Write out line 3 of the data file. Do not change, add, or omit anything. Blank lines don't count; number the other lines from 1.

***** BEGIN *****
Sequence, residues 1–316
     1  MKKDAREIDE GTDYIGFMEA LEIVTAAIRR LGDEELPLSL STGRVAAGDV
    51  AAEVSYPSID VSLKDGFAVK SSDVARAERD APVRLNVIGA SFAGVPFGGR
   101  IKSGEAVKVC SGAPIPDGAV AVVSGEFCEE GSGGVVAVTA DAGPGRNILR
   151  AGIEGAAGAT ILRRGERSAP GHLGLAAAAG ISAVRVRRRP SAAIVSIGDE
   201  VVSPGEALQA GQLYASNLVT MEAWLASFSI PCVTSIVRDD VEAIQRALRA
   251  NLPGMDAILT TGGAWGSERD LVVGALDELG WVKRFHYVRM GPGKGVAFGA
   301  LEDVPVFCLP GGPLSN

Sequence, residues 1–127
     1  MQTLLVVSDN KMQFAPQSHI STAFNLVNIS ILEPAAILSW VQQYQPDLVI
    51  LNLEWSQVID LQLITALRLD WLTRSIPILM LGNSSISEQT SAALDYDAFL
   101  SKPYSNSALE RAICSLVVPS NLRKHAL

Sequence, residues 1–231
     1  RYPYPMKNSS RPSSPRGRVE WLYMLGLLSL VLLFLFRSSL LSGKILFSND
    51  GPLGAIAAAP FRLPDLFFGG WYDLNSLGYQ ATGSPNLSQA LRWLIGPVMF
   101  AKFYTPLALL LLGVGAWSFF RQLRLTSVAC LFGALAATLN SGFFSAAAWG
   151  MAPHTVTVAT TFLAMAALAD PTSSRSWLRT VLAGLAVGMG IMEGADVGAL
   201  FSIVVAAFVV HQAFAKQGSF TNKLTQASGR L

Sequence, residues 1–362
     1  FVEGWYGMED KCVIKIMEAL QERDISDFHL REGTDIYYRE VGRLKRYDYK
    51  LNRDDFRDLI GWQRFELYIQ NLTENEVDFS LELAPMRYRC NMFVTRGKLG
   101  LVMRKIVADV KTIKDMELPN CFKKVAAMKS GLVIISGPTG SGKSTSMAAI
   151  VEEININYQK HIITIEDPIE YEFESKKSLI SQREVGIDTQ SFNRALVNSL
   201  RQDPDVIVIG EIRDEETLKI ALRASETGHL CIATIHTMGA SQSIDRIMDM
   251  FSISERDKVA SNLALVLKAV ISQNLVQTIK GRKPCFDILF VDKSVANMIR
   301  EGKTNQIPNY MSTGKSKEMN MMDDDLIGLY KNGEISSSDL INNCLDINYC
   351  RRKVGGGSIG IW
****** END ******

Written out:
    51  AAEVSYPSID VSLKDGFAVK SSDVARAERD APVRLNVIGA SFAGVPFGGR